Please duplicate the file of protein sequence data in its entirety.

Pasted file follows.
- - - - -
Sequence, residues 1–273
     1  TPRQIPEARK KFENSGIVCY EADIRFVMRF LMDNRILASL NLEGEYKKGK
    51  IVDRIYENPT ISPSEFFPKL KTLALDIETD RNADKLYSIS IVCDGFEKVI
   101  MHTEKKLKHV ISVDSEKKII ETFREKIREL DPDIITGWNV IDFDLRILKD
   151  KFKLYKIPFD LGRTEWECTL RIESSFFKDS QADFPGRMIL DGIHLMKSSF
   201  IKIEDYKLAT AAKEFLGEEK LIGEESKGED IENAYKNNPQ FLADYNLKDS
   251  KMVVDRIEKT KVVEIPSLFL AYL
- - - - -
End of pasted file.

Sequence, residues 1–273
     1  TPRQIPEARK KFENSGIVCY EADIRFVMRF LMDNRILASL NLEGEYKKGK
    51  IVDRIYENPT ISPSEFFPKL KTLALDIETD RNADKLYSIS IVCDGFEKVI
   101  MHTEKKLKHV ISVDSEKKII ETFREKIREL DPDIITGWNV IDFDLRILKD
   151  KFKLYKIPFD LGRTEWECTL RIESSFFKDS QADFPGRMIL DGIHLMKSSF
   201  IKIEDYKLAT AAKEFLGEEK LIGEESKGED IENAYKNNPQ FLADYNLKDS
   251  KMVVDRIEKT KVVEIPSLFL AYL